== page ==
'I have some sympathy with Sir Andrew Clark's criticism, for to label the agents' deposits as 'fixed capital' and to regard that as determining the matter to some extent involves begging the question, inasmuch as 'circulating capital' simply means capital employed in the trading operations of the business and the dealings with it comprise trade receipts and trade disbursements, while fixed capital simply means capital not so employed in the business, though it may be used for the purposes of the business, as a factory is used for the purposes of a manufacturing business, but does not constitute capital employed in the trading operations of the business'.
78. Among the three cases to which I have referred, the nearest approach to my mind is the Petroleum case. But, I am sure that our decision in the case before us must depend upon its own facts as stated by their Lordships of the Supreme Court in Senairam Doongarmall v. Commissioner of Income-tax in which it was observed :
'We have so far shown the true ratio of each case cited before us, and have tried to demonstrate that these cases do no more than stimulate the mind, but none can serve as a precedent, without advertise to its facts. The nature of the business, or the nature of the outlay or the nature of the receipt in each case was the decisive factor, or there was a combination of these factors. Each is thus an authority in the setting of its own facts'.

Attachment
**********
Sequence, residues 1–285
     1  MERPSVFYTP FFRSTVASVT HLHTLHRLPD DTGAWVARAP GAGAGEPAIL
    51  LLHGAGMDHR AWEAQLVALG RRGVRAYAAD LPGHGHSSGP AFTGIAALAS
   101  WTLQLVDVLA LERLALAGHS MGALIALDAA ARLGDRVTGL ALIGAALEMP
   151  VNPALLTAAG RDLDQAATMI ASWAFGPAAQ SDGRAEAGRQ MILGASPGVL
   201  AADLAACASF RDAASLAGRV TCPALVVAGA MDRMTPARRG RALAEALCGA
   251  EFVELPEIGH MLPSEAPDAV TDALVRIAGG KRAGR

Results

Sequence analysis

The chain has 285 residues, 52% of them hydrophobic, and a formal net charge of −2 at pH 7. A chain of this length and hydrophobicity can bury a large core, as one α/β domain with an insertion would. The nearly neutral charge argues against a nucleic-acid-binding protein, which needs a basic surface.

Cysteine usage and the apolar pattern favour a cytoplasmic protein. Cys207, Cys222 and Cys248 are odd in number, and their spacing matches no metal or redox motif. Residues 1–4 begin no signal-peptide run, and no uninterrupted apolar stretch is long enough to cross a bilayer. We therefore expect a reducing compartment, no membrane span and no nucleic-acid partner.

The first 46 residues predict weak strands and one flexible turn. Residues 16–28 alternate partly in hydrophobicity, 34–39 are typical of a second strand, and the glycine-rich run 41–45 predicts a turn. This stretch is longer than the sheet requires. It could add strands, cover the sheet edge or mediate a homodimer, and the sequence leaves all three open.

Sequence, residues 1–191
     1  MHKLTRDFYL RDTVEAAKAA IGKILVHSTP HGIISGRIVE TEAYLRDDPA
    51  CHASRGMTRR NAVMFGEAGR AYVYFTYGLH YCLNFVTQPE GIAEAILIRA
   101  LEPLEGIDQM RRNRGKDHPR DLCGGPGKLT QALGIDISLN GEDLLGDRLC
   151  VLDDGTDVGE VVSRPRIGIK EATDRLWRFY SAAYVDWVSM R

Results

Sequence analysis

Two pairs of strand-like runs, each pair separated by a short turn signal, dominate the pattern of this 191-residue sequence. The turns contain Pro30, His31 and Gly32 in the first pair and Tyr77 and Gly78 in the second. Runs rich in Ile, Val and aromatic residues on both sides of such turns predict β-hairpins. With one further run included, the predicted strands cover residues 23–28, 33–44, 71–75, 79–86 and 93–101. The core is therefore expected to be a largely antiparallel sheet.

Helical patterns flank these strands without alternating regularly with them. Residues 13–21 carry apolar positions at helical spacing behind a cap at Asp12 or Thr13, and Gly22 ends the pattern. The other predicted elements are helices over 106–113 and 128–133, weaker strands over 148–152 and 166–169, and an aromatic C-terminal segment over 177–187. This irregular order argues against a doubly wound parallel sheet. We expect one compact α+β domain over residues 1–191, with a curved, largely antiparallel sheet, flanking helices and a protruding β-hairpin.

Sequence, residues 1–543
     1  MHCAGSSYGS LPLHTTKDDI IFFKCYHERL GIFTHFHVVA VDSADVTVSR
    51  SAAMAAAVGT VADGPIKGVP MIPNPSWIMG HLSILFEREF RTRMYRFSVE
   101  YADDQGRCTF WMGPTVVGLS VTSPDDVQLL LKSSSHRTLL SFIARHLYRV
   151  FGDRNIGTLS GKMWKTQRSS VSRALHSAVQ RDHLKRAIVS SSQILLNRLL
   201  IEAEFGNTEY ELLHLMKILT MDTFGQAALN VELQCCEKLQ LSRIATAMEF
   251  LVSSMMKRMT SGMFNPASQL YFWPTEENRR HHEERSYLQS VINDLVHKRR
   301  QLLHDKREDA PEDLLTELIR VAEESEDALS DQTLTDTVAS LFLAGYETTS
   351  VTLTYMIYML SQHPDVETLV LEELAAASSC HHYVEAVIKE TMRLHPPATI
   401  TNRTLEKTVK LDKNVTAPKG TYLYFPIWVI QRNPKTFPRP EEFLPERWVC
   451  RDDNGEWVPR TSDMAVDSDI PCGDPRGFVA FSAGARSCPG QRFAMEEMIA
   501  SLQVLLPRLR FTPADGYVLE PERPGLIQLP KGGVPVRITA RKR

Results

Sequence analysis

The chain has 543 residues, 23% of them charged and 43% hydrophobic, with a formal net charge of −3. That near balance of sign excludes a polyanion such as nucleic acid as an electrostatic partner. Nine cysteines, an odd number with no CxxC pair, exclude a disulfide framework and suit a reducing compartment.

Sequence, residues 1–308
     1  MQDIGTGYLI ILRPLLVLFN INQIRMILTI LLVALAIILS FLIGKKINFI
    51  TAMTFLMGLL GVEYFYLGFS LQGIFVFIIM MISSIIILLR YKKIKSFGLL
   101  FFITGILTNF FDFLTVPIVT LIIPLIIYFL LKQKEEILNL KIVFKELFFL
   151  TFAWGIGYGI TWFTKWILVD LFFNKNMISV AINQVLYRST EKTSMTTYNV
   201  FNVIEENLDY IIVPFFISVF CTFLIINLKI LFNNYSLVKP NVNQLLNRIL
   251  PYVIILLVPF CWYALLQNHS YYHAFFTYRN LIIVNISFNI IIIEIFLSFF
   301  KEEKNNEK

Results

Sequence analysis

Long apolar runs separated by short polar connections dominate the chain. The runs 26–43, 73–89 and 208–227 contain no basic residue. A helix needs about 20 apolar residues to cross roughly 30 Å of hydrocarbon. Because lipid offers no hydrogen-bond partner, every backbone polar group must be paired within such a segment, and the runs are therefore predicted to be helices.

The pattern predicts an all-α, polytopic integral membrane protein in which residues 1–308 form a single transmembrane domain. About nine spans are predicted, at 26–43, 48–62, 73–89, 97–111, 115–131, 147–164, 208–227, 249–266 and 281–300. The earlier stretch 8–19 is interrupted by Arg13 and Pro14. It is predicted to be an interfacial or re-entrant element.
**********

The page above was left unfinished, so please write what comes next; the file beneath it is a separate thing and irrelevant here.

79. We were referred by Mr. Government leader, in his support, to four cases. The first of them is Westminster Bank Ltd. v. Osler. The Westminster Bank Ltd., who were the appellants in that case and who held large sums invested in National War bounds, in answer to an offer by the Lords Commissioners of His Majesty's Treasury, surrendered their National War Bonds in exchange for a new security and thereby increased the value of their invested funds by a sum of Pounds 144,750. The question was whether the bankers had realised a taxable profit and the House of Lords said they did. It was contended in that case and, according to Lord Buckmaster, it was a plausible argument, that unless an item taken in exchange was sold or taken out of the business, no tax was eligible. Referring to this contention, Lord Buckmaster observed :